Crisis as practice : Non-emergency organizations’ coping with crises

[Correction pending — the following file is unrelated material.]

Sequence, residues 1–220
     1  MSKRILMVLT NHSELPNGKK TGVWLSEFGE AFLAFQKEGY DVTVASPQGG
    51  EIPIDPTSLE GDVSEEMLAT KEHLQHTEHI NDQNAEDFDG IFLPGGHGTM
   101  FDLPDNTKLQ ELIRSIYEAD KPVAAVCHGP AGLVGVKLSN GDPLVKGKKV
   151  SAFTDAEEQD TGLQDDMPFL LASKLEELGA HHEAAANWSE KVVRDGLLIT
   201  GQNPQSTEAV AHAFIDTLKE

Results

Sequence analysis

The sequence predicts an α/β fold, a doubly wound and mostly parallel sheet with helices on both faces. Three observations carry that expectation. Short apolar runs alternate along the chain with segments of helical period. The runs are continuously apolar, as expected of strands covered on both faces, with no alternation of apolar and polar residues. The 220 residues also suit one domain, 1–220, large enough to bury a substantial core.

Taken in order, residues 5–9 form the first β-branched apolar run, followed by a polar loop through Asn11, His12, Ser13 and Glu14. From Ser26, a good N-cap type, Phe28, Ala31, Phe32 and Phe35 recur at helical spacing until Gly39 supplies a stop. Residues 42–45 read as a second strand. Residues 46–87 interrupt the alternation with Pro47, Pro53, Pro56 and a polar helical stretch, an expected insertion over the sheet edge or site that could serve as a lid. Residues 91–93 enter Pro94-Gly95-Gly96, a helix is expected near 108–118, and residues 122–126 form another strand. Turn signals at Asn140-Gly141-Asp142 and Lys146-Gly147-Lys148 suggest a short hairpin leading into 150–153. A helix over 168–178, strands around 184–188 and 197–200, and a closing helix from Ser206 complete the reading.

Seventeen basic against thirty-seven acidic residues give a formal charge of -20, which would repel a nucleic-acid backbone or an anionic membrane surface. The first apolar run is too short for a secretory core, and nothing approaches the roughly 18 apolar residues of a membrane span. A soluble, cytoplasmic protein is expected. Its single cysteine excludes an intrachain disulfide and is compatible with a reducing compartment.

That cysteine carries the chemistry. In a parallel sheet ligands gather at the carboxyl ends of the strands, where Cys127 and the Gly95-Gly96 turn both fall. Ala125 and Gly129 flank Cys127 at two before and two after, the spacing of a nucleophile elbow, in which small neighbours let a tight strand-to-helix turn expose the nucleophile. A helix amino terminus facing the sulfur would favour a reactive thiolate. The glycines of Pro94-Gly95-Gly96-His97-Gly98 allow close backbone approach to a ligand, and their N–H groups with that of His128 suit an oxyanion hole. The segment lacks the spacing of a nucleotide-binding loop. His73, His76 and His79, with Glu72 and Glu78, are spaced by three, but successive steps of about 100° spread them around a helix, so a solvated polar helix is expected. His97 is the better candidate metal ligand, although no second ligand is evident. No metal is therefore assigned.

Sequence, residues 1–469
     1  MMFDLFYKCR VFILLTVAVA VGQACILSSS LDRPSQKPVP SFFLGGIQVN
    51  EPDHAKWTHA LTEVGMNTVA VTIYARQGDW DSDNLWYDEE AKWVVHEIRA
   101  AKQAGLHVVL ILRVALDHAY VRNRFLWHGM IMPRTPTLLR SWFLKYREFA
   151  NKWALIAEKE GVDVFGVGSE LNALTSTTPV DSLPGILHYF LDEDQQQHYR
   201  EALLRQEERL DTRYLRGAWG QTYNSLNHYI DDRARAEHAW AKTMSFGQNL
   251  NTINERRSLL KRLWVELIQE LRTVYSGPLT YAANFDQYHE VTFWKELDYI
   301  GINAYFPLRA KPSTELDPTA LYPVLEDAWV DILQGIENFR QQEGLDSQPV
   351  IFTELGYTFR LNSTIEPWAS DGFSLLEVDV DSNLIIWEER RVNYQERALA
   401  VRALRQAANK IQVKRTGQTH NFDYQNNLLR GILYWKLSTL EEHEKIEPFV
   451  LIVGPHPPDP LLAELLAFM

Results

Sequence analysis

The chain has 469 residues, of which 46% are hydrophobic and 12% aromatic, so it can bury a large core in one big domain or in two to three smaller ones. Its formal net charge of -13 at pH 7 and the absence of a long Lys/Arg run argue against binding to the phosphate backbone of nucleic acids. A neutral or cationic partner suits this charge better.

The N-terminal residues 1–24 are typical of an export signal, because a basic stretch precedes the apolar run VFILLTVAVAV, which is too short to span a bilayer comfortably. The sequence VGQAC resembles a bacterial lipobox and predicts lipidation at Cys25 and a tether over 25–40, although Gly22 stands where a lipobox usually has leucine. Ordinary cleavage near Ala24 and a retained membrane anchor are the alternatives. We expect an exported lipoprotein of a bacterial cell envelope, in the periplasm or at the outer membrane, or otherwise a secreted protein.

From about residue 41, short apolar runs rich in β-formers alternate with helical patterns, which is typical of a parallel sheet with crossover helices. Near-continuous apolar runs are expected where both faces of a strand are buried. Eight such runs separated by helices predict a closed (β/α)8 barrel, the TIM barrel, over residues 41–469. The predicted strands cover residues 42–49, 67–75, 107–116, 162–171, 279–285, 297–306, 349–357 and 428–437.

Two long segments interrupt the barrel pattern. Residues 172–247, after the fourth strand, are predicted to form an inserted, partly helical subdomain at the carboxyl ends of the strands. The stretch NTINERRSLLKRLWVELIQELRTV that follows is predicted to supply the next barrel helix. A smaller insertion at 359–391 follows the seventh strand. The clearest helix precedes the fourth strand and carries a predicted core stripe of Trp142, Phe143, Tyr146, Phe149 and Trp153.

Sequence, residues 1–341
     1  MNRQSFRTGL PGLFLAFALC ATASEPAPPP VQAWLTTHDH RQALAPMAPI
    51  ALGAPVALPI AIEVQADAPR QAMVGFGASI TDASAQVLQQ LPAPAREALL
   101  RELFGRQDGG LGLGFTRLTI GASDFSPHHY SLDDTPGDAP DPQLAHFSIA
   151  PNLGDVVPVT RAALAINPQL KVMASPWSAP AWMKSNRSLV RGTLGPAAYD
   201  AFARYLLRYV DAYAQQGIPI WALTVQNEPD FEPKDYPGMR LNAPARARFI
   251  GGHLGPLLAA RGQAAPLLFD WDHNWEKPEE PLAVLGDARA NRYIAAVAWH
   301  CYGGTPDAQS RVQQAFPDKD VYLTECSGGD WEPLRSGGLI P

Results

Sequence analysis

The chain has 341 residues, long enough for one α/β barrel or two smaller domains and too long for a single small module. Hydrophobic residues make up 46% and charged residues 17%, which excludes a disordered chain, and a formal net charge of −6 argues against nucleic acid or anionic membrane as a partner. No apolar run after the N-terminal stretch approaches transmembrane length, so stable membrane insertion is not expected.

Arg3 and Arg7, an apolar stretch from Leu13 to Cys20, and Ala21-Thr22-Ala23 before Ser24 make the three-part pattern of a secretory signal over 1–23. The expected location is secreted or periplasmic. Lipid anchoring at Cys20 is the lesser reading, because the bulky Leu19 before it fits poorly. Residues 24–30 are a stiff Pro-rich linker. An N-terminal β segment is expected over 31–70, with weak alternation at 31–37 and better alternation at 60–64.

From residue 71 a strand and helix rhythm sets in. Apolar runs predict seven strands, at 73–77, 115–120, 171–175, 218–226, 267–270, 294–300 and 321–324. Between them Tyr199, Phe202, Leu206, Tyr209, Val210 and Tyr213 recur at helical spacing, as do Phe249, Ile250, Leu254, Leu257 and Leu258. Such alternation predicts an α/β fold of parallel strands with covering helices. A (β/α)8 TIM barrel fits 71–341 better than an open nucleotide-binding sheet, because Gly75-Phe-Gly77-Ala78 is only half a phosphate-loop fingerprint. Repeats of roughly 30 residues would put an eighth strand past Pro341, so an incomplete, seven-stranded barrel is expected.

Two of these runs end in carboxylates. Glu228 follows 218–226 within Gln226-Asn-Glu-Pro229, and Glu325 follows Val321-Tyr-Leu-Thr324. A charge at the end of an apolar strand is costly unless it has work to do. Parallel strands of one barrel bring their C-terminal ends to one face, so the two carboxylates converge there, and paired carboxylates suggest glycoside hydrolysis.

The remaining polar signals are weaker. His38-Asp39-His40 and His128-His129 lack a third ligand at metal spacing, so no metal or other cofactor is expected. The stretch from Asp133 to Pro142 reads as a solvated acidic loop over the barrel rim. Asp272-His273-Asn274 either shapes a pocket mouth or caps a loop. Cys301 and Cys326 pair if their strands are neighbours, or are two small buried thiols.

Abstract: Exerted from the top down, organizational crisis management is a concept with strong connections to rational and normative approaches. While acknowledging that these approaches form a solid foundation for crisis management, this thesis formulates a critique of this conceptualization. A primary critique rests in the fact that this perspective has rendered invisible the capabilities of actors on the fringes of crisis management. In addition, it rarely acknowledges that coping with crisis consists of more than is typically associated with rational attributes. This thesis aims to increase theoretical and empirical knowledge in two areas based on this research gap. This research seeks to contribute empirically by studying non-emergency organizations and their operational level’s coping with crises that affect their core operations. Theoretically, it aims to highlight the role of social practices in our understanding of crisis management. The main objective is to move beyond rational, normative, and top-down approaches in order to provide in-depth knowledge regarding the role of everyday work practices in understanding organizational crisis management. This approach means looking at how existing work practices and their constituent resources assist in forming crisis responses. The thesis consists of four individual studies (papers I-IV) that relate differently to the main objective of the thesis. To varying extents, all four studies take theories of practice as points of departure, allowing for various examinations of how non-emergency organizations manage crises in practice. The first three studies are qualitative, using interviews as their primary methodology. In study I, the interviews are complemented by accompanied tours of workplaces and internal organizational documents. The fourth study is conceptual, aiming at theory development. The first and second study focus on how a social services unit in Sweden coped with the large influx of unaccompanied children during the 2015 refugee situation. The first study shows how the staff, through their experience and professional competence, continually adjusted their operations to suit the prevailing situation, thus managing the new conditions successfully. The study explains the results by offering a model of crisis management as dispersed practices, telling us that crisis management is, to various degrees, interwoven within the performance of everyday work practices. Building on the first study’s results, the second study highlights three crisis management practices: improvisation, prioritization, and the creation of alternatives. These practices played a significant part in creating new routines or adjusting existing ones, eventuallyxcontributing to normalizing the situation. The study also shows that operational staff received inadequate support from higher management, having to rely on their own ability to solve problems. The third study complements interviews of non-emergency organization staff with interviews of emergency personnel. The study examines the interaction between non-emergency organizations and emergency services. It considers a situation in which a non-emergency organization suffers an emergency, and emergency services temporarily deploy their workplace inside the affected workplace to address the situation. Theories of boundary work and boundary practices demonstrate how cooperation between the parties allows for a mutually accomplished form of boundary work, enabling both parties to strive for business as usual. The fourth study is a theoretical discussion and argumentation of practice theory in research on crisis management. The study offers a theoretical framework of crisis-as-practice that complements existing research’s focus on crisis management based on rational and structural starting points. The framework provides tools for studying crisis management in light of the ordinary resources that organizations possess when performing their everyday work; this approach allows for a more comprehensive view of crisis management and understanding of whom can become a crisis manager. The overall findings in the thesis indicate that the social and material resources that organizations possess through performing their everyday work contribute to the coping and management of various disruptions and adversities posed by crises—despite the fact that these resources seldom have been defined as capacities during crises. The findings also show that these resources allow crisis normalization by enabling adaptations of the organizing mode. Based on these findings, this thesis concludes that, even though non-emergency organizations might seem unprepared according to the prevailing institutionalized norms of crisis management, they perform practices relevant to crisis management and maintain their core activities despite both disruptive and emergency events.
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